Of all current superstars, none has manipulated the apparatus of fame more astutely than Madonna. Like Prince, she recognized the virtue of a one-word name and demonstrated the truth of an old adage — sex sells. She has played America’s public morals like a virtuoso, building from starlet to megaslut to bad girl with a heart of gold to New Honest Woman.
Cynics and idealists can agree: a conquest this perfect requires incredible amounts of both luck and smarts. Up comes a good-looking, good-singing doll who parlays great ambition and market sense into a lowbrow dance album that becomes an international hit. She completes the transition from genre diva to mass-media wet dream brandishing a boy toy belt buckle under her bared bellybutton (for all convent girls to admire and feminists to loathe), then turns it around in a show of humor and pluck. But Madonna’s march takes her to the brink of overexposure.
Then, out come the Penthouse and Playboy spreads. How do a couple of four-year-old portfolios just happen to make it into the hands of two fiercely competitive publications at the same exact ideal-for-Madonna moment? If it isn’t a fix, then clearly God likes bad Catholic girls. And what could be better? That this bathroom consummation of boy toy love should be followed immediately by ritual purification at the altar of real love. Madonna marries Sean Penn and at long last hits the matrimonial sack.
And she did it all in less time than it has taken Ronald Reagan to send millions below the poverty line. Like Jimmy Cagney, to whom she dedicates “White Heat,” Madonna is a lovable punk: cynical, street smart, funky, sexy, fundamentally idealistic, indestructibly self-respecting. Like Cagney, she’s a national icon — but first and always, a patron saint of parochial-school America.
It is for the prokie (a less publicized but still more populous stratum than yuppie or preppie) that True Blue is written. Singing better than ever, Madonna stakes her claim as the pop poet of lower-middle-class America. On “Where’s the Party,” she presents a concise manifesto for the straphanging classes: “Couldn’t wait to get older/Thought I’d have so much fun/Guess I’m one of the grown-ups/Now I have to get the job done.” But Madonna isn’t sad about her responsibilities. Full of immigrant-stock hustle, she’s going to “find a way to make the good times last.” On “Jimmy Jimmy,” she laughs at her breathless boyfriend: “You say you’re gonna be the king of Las Vegas…. You’re just a boy who comes from bad places.” But it’s a loving laugh — and, surprise, Jimmy really does leave to make a better life. The story ends sadly, but the song is so happy that we can’t doubt Madonna’s pride in her guy or that she’ll find a way to follow.
In “Love Makes the World Go Round,” the happiest anthem for this age of uplift, Madonna scores at least as many points as “We Are the World” with lines like “It’s easy to forget/If you don’t hear the sound/Of pain and prejudice/Love makes the world go round” and “We’re all so quick to look away/’Cause it’s the easy thing to do.”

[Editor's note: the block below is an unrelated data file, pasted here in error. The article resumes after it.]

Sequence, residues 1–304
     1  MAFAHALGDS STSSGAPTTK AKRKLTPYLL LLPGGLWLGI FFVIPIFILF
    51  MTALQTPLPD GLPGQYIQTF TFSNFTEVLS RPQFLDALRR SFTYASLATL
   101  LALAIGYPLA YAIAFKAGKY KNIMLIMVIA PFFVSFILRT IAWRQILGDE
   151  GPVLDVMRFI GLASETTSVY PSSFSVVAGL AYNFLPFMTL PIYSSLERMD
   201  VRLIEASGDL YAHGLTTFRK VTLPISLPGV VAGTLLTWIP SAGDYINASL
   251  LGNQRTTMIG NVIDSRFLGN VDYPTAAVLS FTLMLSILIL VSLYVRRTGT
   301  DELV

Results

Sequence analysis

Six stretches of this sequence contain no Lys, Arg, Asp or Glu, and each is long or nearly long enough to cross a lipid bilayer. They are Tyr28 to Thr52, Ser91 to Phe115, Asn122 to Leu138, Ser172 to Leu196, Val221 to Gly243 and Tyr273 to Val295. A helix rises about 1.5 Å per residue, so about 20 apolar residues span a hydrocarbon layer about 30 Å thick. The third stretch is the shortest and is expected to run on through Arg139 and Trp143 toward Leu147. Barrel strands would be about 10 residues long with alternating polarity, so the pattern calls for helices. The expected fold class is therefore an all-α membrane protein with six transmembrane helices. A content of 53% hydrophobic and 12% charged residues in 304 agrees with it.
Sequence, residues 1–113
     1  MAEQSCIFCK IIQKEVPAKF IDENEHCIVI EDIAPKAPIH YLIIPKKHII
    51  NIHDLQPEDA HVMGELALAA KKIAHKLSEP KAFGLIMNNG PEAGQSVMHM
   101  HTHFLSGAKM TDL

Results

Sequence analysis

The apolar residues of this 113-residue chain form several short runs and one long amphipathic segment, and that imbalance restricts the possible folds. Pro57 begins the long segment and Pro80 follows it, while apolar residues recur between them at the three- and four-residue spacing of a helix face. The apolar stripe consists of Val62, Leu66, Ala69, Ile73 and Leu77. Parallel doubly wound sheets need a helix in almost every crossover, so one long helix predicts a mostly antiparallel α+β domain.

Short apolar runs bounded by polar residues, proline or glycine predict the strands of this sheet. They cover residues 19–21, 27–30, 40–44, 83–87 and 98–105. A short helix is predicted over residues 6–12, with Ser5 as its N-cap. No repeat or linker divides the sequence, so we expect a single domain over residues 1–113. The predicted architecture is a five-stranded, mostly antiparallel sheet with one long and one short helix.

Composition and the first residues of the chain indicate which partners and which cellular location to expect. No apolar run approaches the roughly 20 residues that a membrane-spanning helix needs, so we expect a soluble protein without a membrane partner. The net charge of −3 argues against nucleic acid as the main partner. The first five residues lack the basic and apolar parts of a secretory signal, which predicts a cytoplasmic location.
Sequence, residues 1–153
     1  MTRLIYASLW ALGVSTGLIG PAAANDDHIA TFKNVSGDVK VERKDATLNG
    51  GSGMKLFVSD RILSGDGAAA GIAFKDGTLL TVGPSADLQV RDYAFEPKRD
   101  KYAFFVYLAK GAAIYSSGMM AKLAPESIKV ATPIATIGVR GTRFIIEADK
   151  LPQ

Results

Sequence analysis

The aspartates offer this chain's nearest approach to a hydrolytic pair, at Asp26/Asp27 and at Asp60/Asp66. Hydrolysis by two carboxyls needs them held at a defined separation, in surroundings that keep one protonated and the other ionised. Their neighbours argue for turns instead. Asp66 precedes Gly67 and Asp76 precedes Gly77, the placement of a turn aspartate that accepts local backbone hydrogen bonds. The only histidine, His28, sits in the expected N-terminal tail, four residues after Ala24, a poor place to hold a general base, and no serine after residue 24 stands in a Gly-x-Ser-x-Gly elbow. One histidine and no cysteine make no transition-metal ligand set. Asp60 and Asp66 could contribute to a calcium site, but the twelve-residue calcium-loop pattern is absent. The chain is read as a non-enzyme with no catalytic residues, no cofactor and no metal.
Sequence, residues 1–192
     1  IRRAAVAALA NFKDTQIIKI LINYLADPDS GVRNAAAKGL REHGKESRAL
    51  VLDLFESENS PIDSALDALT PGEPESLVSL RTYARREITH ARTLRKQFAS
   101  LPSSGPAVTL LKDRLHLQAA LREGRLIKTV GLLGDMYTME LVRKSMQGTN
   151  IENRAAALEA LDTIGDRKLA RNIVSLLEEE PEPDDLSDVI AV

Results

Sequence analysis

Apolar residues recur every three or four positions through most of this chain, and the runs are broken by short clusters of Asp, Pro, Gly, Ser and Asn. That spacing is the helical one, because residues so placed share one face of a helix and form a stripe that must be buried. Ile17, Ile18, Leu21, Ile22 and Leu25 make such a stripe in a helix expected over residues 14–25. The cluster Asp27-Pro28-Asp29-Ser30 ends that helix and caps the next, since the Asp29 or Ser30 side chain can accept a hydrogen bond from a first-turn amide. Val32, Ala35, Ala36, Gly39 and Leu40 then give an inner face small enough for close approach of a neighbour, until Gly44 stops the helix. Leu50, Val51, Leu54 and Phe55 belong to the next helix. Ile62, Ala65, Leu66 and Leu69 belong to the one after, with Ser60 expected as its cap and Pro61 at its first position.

Produced by Madonna with Pat Leonard and Stephen Bray, the sound of True Blue is yet another canny move. Armed with the success of “Into the Groove” (an unretouched eight-track demo by Bray and Madonna that epitomizes dance-pop perfection), M. resisted any temptation to reach for the kind of tour de force production Nile Rodgers achieved on Like a Virgin. Instead, we have a clean, accessible record assembled by a singer and songwriters to showcase material and performances. And (excepting the “Both Sides Now” rewrite “Live to Tell”) it’s true blue to Madonna’s disco roots.
If there is a problem with Madonna’s proke-rock testament, it’s the lack of outstanding songs. Only the magnificent “Papa Don’t Preach” — Madonna’s “Billie Jean” — has the high-profile hook to match “Like a Virgin,” “Dress You Up” and “Material Girl.” Not coincidentally, all of the above were written by outside contributors. “White Heat,” “Jimmy Jimmy” and “World Go Round” are excellent within their aspirations and easily comparable to “Angel” and “Holiday” (though not quite up to “Into the Groove” or “Lucky Star”). But none has the feel of a pop event. “Party” starts well but doesn’t ignite, and “True Blue,” a cross between “Heaven Must Have Sent You” and “Chapel of Love,” squanders a classic beat and an immensely promising title.
In commercial terms, it may not matter. “Live to Tell” hit Number One on career momentum, and “Papa Don’t Preach” is great enough to carry several of True Blue‘s solid contenders home. In a clever double-entendre, M. — no longer anything like a virgin — pleads for her father’s approval of the decision to keep an unborn child. Given Madonna’s conscientiousness and ambition, it’s not likely True Blue‘s dearth of “career records” was intentional. But its integrity and very freedom from attention seeking may turn out to be yet another piece of great timing in a remarkable career.
Madonna’s sturdy, dependable, lovable new album remains faithful to her past while shamelessly rising above it. True Blue may generate fewer sales and less attention than Like a Virgin, but it sets her up as an artist for the long run. And like every other brainy move from this best of all possible pop madonnas, it sounds as if it comes from the heart.